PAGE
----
- Paper report
- Open Access
Fruit fly p53 and cell death
- Jonathan Weitzman
© BioMed Central Ltd 2000
- Received: 4 May 2000
- Published: 20 June 2000
A homolog of the tumor suppressor p53 causes damage-induced apoptosis in fruit flies.
- Drosophila Genome
- Wing Imaginal Disk
- Berkeley Drosophila Genome Project
- Tetramerization Domain
- Genome Annotation Database
The human p53 protein is the most studied tumor suppressor protein and yet many questions still remain regarding its regulation and function. The activity of p53 is induced by DNA damage and genotoxic stress, initiating two potential outcomes - apoptosis or reversible cell-cycle arrest. These functions are thought to account for its tumor suppressor properties. The p53 protein is a transcription factor, containing an acidic transactivation domain, a sequence-specific DNA-binding domain and a tetramerization domain. Cancer-associated mutations frequently map to the DNA-binding region, creating effective dominant-negative polypeptides. p53 regulates the expression of many target genes, some of which partially explain its role in apoptosis and growth arrest. Examples include the p21/Cip1 cyclin-dependent kinase inhibitor that leads to G1/S arrest, and apoptosis-inducing genes such as fas and bax. Brodsky et al. describe the characterization of a Drosophila p53 homolog which regulates the expression of reaper (rpr), one of several fly genes associated with caspase-dependent apoptosis.
The authors used information generated by the Drosophila genome sequencing project to identify both genomic and cDNA clones and expressed sequence tags representing a Drosophila p53 homolog (Dmp53). Dmp53 is the most divergent p53 family member to be characterized, with the highest similarities in the DNA-binding region. Comparison with the human Hp53 protein revealed that residues critical for DNA binding are conserved and the most frequent tumor-associated mutation hotspots were identical or similar in fly and human sequences. The authors demonstrate functional conservation by showing that Dmp53 can bind to human p53 consensus binding sites and can activate transcription. Point mutants of Dmp53 corresponding to cancer mutational hotspots in Hp53 abolished DNA binding and inhibited transactivation. The authors used these dominant-negative forms in vivo (using the elegant GAL4-UAS overexpression system) to test their effect during wing development. Dominant-negative Dmp53 mutants had no effect on developmental apoptosis, but dramatically reduced apoptosis in the posterior wing imaginal disk following X-irradiation. Surprisingly, Dmp53 appears not to be involved in radiation-induced cell-cycle arrest. The authors identified a 20 bp p53-response element (p53RE) within the upstream region of the pro-apoptotic rpr gene. This enhancer region was shown to be p53-responsive in yeast and multimers of the p53RE were sufficient to direct radiation-responsive transactivation in transgenic flies in vivo.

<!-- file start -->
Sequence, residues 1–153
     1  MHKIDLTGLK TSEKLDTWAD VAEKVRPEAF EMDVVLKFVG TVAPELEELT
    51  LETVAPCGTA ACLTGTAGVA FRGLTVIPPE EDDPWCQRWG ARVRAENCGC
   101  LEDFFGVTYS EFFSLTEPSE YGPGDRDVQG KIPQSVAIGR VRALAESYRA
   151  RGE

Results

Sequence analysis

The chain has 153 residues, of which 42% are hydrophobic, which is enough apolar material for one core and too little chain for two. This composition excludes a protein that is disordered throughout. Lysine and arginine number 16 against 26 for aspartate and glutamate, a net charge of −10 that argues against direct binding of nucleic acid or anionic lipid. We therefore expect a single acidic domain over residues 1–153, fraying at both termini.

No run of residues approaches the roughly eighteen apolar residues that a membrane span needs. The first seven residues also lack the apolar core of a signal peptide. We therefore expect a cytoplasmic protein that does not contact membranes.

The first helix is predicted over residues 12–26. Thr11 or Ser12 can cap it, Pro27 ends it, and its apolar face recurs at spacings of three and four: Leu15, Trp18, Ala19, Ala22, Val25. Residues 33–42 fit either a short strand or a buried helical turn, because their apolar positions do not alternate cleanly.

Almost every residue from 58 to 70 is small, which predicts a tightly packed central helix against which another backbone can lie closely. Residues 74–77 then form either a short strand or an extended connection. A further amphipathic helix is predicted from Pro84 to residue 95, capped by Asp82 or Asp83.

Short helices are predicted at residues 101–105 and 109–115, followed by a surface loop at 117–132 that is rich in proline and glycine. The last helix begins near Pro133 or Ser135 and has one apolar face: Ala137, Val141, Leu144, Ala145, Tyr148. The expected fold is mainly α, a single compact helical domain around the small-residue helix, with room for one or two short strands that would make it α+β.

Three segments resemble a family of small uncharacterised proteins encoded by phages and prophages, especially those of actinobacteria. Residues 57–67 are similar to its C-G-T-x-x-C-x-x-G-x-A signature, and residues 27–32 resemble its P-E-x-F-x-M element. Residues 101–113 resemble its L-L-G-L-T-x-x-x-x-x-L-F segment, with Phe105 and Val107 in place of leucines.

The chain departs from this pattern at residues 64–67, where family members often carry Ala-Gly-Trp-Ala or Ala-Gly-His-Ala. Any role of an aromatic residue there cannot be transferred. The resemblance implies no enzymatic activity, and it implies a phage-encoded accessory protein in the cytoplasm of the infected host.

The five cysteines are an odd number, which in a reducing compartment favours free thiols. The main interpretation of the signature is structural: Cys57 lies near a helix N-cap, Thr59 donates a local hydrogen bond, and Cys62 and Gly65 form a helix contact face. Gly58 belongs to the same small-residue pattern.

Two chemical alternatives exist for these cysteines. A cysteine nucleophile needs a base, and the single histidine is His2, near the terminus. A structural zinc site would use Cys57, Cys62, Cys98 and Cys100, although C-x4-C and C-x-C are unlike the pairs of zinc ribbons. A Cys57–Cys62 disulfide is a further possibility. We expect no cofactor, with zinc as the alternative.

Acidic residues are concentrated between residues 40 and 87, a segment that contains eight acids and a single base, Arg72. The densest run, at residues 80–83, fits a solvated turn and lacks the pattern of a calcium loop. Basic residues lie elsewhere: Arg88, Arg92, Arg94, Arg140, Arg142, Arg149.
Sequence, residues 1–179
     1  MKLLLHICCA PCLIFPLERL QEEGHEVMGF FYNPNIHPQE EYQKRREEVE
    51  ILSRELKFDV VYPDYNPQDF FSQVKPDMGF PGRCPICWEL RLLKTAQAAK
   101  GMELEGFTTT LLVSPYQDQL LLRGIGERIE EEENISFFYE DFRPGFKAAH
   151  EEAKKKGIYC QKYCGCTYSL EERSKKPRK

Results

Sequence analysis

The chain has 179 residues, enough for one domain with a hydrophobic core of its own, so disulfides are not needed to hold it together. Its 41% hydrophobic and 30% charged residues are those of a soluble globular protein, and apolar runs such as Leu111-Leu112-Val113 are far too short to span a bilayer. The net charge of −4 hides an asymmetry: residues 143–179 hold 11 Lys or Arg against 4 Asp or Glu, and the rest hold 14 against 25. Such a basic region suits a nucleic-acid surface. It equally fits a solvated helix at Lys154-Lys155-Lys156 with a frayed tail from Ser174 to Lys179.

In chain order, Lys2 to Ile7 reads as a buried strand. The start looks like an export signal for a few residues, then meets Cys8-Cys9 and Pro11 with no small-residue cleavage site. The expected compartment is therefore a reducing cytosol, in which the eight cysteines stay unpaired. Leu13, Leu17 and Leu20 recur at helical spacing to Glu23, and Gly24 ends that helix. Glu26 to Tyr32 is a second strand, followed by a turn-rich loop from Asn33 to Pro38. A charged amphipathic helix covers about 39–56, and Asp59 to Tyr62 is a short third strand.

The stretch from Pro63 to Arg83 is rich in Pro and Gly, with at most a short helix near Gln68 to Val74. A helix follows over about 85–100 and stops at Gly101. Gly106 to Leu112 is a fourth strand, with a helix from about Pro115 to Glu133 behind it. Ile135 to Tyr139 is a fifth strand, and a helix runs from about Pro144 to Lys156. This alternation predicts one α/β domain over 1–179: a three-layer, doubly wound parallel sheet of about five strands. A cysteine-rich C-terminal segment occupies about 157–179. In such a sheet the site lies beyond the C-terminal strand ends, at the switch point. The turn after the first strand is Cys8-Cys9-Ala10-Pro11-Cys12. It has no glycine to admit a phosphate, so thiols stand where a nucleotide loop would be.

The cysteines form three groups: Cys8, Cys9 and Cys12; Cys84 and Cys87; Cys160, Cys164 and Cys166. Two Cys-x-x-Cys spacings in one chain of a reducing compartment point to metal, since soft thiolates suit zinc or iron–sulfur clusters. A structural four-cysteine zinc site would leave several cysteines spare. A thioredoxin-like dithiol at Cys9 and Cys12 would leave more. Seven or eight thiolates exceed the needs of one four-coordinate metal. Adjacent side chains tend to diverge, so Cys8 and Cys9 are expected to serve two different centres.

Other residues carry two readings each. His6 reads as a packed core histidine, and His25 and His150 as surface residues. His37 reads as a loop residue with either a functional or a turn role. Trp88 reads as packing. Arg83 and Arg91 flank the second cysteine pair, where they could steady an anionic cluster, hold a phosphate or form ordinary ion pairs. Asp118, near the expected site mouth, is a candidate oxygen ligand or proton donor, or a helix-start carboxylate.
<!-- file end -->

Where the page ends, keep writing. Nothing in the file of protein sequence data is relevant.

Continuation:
Brodsky et al. conclude that Dmp53 is clearly a functional homolog of the Hp53 tumor suppressor. Like its mammalian counterpart, Dmp53 is important for the cellular stress response, but is not essential for normal development. Unlike the mammalian protein, Dmp53 regulates radiation-induced apoptosis but not radiation-induced cell-cycle arrest. The isolation of null mutants for the Dmp53 gene will provide further insights into p53 function and the identification of other pro-apoptotic target genes.
The identification of a fruit fly p53 homolog and the recent sequencing of the Drosophila genome offer an exciting opportunity for using the fly as a model organism to understand p53 regulation and function. The application of powerful fly genetics together with whole-genome expression analysis will undoubtedly lead to the identification of novel upstream regulators and downstream target genes. These insights may give new clues to therapeutic strategies to treat p53-associated malignancies.